Evolving Your QMS From GMP to GxP to Streamline Clinical Trial Operations
GxP is a collection of quality guidelines and regulations (GLP, GMP, GDP, GCP, and GPvP) created to ensure that biotech and pharmaceutical products are safe, meet their intended use, and adhere to quality processes during manufacturing, control, storage, and distribution. GxP was established by several agencies, including the Food and Drug Administration (FDA), and encompasses many different standards.
This collection of quality guidelines ensures that regulated organizations comply with specific processes and procedures that determine effective research standards for nonclinical laboratory trials, safe human-patient clinical trials, and commercially available products.
GxP’s guidelines focus on three essential outcomes: traceability, accountability, and data integrity. GxP consists of multiple components, such as (but not limited to):
- Good Laboratory Practice (GLP)
- Guidance for nonclinical studies conducted for the assessment of the safety or efficacy of investigational products
- Good Manufacturing Practice (GMP)
- Quality standards for investigational and commercial product manufacturing including packaging, labeling, materials, equipment, personnel qualifications, and training to ensure consistency in production
- Good Distribution Practice (GDP)
- Requirements for investigational product and commercial supply chain including purchasing, storage, transportation, repackaging, and re-labeling
- Good Clinical Practice (GCP)
- Quality standards for designing, conducting, recording, and reporting trials that involve the participation of human subjects for the protection of rights, safety, and well-being of trial subjects
- Good Pharmacovigilance Practice (GPvP)
- Standards for the activities relating to the detection, assessment, understanding, and prevention of adverse effects or any other medicine-related problem to promote the safe and effective use of medicinal products, particularly through providing timely information about the safety of medicinal products to patients, healthcare professionals, and the public
Why a Company’s QMS Benefits Moving from GMP to GxP
As life science companies begin to move from manufacturing-focused operations into clinical trial oversight, they often start to outgrow their GMP Quality Management System (QMS). A QMS covers a set of processes focused on achieving quality policies and objectives to meet customer requirements. A strong QMS system fulfills many objectives, like preparing for regulatory submissions, designing an effective validation system, effective audits, establishing good record-keeping practices, and much more.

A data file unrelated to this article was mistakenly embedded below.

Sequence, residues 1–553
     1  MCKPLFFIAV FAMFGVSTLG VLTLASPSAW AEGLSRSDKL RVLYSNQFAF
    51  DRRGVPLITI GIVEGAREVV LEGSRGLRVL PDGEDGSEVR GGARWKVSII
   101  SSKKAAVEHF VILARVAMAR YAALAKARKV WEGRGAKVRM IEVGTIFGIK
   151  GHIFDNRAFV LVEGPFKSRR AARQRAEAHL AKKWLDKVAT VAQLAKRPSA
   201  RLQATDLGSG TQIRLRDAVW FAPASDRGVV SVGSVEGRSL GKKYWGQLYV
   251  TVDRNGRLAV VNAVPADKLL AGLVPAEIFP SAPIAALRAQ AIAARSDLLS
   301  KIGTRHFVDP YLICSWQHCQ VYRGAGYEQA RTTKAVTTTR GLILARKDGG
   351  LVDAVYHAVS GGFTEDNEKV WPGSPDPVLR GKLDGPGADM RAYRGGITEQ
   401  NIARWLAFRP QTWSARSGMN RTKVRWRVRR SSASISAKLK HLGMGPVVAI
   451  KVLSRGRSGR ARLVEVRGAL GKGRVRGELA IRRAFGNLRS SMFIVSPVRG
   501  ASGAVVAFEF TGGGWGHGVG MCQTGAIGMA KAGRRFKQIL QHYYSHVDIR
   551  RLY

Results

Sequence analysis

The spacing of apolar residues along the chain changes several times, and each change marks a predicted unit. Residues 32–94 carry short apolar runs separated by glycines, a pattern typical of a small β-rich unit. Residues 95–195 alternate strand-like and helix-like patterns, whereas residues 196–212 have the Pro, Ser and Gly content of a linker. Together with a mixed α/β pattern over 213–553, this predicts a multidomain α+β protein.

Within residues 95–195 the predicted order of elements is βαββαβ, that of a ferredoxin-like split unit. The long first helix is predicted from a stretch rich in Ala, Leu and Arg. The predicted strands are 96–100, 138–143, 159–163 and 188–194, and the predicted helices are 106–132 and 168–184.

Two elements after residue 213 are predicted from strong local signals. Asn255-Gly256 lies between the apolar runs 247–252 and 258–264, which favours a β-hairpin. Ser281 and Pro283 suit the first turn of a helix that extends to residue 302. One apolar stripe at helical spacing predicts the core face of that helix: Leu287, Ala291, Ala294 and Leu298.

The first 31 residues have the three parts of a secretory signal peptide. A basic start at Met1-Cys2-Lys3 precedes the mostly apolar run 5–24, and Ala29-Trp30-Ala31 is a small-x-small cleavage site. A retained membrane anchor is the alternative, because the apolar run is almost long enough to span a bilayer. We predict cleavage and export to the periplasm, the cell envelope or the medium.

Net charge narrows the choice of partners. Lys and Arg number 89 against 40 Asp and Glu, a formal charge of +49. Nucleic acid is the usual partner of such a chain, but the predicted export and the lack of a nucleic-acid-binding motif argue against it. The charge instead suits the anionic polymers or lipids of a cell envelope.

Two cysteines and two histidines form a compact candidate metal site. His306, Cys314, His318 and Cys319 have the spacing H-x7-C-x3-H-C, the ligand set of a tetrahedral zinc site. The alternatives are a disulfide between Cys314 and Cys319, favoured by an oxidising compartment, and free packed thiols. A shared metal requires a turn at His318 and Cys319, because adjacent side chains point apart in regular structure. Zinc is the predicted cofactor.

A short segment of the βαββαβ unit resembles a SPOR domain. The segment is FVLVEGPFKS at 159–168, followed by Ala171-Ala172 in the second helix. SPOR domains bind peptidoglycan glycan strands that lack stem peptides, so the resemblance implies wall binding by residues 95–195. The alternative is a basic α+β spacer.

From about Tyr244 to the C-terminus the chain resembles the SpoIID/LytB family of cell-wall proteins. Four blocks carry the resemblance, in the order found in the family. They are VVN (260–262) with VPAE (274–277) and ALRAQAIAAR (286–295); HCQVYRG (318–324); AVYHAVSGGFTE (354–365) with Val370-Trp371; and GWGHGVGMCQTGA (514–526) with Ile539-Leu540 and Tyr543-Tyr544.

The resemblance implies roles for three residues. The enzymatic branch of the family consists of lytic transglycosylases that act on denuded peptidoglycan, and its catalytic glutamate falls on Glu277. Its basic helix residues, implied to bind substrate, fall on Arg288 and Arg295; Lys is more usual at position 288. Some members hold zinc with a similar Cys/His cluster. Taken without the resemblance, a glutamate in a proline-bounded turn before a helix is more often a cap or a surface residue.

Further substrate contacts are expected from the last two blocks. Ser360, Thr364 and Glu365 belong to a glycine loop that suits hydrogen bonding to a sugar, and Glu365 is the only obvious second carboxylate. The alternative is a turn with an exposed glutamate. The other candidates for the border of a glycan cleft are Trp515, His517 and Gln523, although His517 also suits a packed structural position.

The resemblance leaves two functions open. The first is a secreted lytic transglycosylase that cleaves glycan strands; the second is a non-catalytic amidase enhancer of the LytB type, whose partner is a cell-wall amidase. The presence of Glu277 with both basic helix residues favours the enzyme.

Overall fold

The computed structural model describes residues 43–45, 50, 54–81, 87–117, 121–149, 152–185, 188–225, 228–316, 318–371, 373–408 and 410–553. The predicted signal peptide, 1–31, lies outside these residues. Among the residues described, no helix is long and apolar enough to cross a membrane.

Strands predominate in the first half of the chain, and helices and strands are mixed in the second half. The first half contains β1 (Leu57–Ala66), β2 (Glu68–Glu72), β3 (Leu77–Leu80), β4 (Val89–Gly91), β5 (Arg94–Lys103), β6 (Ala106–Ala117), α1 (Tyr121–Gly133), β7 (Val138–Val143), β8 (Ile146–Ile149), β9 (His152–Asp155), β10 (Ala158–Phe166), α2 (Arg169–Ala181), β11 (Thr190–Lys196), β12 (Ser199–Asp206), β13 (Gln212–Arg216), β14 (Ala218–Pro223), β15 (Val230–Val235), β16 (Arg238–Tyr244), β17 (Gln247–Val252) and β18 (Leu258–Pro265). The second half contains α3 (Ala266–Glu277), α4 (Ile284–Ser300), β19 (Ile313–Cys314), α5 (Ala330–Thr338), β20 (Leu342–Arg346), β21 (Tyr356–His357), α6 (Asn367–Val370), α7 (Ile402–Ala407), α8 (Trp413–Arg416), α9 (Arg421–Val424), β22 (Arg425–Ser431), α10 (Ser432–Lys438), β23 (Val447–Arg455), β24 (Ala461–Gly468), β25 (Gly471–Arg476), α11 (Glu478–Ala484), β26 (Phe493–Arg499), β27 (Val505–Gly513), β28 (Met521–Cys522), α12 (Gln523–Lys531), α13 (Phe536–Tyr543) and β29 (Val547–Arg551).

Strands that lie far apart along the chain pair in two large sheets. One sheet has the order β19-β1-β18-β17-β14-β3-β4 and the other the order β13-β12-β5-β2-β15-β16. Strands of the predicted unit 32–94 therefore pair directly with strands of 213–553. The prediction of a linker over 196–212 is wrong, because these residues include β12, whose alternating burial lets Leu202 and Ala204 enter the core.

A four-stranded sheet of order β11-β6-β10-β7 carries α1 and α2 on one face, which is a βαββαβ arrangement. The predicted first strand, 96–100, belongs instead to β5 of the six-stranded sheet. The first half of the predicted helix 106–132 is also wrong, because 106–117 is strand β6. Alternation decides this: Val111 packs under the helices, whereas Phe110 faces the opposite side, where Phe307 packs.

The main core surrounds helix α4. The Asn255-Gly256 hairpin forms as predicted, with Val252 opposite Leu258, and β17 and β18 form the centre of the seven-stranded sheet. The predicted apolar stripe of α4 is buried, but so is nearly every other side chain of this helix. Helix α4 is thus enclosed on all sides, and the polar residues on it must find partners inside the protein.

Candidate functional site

We often hear from Quality Leaders that “Our Quality procedures are too GMP specific and do not work as we move into the Clinical space.” As companies move from standard manufacturing operations to first-in-human clinical trials, they’ll need to reframe their mindset to be GxP-focused, which covers all angles of quality components in a much more streamlined way that enables a company to be successful.
Getting there takes time and effort, but these four planning components can offer guidance.
In order to move towards a GxP QMS, organizations will need to make major shifts in their mindset, adopt quality philosophies and standards, overhaul their quality organizational structure, and unify GxP to move beyond silos to a more integrated system that benefits the organization and their Quality teams.
QMS Unification – A Case Study
In this particular case, the company’s GMP was entirely separate from GCP, GLP, and GPvP, and they believed the separation was essential due to the differences from one GxP component to another.
After observing this company’s structure, all GxPs were placed under one umbrella and all Quality employees reported to the same Quality Leader. As a result, transparency was developed for the entire quality team, silos were eliminated, and processes were streamlined and more efficient. This was valuable to the organization because they used one QMS for their entire GxP which streamlined efficiency and operations for the entire Quality department.
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